Deserved compensation

The upcoming remuneration review should focus on limiting undue burden on AMS salaried student positions.

Earliest this term, the AMS Board of Directors proposed the review to conduct a comprehensive examination of salaries and job descriptions in the AMS.

Many of these positions require students to work past their basic job description.

In return, they earn close to minimum wage — a small sum per hour given the amount of overtime put in.

It’s also undeniable that the sum these employees earn is far lower from what other student government staff earn elsewhere.

At McMaster, for example, some student leaders earn between $33,000 to $36,000 a year — about $10,000 more than the highest paid positions at the AMS.

McMaster, admittedly, is a larger school, with more students paying the essential student fee going to the salaries of student executives. This kind of discrepancy puts AMS salaries in perspective.

The AMS-specific student fee at Queen’s, currently $70.18, is designated in part to pay the salaries of AMS.

In 2009, Queen’s passed an incremental $120 student fee hike spread over three years for the Athletics Centre. It seems ironic that we’re willing to have our student leaders receive minimal pay while other, more luxurious ventures take a leading focus.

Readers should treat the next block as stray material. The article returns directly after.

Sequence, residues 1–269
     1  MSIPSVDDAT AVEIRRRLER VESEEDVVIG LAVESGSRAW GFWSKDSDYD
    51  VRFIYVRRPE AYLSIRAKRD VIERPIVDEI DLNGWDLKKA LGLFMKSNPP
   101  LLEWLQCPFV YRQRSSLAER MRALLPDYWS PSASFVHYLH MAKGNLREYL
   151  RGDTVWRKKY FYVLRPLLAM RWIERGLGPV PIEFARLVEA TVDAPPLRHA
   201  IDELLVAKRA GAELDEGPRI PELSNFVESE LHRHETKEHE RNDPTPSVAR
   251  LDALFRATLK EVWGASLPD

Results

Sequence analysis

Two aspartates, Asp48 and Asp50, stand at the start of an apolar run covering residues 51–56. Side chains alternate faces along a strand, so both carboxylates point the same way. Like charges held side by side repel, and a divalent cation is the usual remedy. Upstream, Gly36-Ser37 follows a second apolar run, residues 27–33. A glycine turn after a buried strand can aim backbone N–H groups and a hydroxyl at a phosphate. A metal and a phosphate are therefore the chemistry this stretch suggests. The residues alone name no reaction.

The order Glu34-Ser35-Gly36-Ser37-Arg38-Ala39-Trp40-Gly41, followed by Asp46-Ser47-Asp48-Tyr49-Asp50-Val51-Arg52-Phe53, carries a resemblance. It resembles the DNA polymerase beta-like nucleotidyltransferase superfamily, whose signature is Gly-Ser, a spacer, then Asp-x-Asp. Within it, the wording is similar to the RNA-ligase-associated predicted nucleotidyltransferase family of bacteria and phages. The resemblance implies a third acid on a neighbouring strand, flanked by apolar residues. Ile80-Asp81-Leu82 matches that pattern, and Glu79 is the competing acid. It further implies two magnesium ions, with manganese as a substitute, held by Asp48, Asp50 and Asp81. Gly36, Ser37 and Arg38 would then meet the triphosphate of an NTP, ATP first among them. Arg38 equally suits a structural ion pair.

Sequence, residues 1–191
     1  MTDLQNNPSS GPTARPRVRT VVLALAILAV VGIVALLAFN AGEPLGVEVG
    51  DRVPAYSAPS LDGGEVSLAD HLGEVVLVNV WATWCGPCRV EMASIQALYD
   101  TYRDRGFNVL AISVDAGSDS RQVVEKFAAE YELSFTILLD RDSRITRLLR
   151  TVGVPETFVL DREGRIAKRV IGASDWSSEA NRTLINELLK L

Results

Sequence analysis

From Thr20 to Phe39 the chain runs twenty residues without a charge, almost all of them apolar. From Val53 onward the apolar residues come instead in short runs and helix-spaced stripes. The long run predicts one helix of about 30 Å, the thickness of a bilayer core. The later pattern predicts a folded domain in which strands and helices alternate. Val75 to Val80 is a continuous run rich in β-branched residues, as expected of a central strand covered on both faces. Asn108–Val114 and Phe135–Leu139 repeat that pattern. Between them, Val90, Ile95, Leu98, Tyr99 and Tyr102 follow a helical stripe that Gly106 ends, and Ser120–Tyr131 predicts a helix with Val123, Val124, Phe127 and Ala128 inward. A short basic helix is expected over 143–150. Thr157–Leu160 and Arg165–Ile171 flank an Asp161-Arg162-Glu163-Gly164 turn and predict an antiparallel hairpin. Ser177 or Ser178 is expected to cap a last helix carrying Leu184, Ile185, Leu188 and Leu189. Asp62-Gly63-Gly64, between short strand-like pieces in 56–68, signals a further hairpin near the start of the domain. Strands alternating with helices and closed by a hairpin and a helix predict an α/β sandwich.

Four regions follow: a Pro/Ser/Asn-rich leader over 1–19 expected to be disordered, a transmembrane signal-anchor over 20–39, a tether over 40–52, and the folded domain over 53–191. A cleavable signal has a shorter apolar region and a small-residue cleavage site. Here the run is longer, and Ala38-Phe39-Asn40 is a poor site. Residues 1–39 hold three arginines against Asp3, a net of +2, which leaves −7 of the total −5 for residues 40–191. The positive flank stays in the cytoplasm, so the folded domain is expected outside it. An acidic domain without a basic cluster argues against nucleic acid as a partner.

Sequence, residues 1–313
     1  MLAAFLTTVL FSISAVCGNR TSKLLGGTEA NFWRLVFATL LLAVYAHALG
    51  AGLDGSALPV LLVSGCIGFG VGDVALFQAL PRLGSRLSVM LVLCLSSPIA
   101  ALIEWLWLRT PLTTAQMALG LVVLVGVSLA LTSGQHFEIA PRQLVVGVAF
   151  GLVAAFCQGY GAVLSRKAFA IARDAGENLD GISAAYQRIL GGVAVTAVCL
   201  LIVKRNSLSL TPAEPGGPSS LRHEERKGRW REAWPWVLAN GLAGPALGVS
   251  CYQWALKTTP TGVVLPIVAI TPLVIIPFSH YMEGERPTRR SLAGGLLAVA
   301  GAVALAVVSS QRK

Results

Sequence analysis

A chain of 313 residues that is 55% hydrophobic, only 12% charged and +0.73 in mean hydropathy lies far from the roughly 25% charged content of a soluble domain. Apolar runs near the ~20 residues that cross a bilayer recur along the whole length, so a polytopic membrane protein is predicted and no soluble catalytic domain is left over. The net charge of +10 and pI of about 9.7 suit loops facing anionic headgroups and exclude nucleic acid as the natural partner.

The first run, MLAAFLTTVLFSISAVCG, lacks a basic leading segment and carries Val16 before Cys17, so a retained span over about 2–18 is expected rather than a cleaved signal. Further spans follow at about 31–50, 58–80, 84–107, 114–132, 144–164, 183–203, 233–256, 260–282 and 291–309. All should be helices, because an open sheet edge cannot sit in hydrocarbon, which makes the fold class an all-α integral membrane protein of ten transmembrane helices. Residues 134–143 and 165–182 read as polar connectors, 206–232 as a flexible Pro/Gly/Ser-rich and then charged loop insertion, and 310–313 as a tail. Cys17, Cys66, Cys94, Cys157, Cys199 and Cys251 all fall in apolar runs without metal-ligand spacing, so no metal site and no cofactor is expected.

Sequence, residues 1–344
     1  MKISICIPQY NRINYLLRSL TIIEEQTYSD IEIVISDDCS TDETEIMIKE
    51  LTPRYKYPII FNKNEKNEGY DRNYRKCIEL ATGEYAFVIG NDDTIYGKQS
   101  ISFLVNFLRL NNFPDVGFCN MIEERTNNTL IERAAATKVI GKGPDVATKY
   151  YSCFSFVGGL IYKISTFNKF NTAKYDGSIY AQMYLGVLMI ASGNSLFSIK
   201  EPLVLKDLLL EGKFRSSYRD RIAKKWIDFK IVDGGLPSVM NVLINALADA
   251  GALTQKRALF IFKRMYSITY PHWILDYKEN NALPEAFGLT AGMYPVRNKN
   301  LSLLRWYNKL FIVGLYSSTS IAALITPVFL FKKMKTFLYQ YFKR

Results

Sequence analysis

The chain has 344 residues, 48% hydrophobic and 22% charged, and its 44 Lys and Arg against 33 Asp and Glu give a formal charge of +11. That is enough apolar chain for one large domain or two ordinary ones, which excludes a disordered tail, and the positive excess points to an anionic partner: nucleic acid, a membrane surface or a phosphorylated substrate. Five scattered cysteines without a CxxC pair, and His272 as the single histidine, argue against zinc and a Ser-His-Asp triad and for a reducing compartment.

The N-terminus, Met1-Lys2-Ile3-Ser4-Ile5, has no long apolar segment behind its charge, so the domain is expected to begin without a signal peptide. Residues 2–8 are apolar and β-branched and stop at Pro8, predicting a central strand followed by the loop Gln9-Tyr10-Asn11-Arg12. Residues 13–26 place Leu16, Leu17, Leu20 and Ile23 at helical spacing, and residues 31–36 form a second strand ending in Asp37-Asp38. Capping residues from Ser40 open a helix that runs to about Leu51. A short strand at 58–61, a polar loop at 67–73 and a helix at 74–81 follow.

Although the reality is that Queen’s has a smaller population, limiting the possibility of raising the fee, it’s worth revisiting our priorities.

Unlike other student government representatives, AMS staff have to take courses on top of their existing duties. This cuts into their already menial salaries.

Even though their pay is low, most students are unaware. The numbers are lost in translation as they aren’t directly communicated to the student body. While the budget is available on the AMS website, it doesn’t differentiate specific amounts for individual salaries. Students deserve to know the exact numbers, especially given that they’re paying them through their student fees.

It’s unlikely that anyone works for the AMS expecting to get rich — it’s a drive for earning valuable experience and a passion for serving students that leads most individuals to pursue these low-paying positions.

When conducting this review, the Personnel Committee should take the financial concerns of these students into consideration.

— Journal Editorial Board



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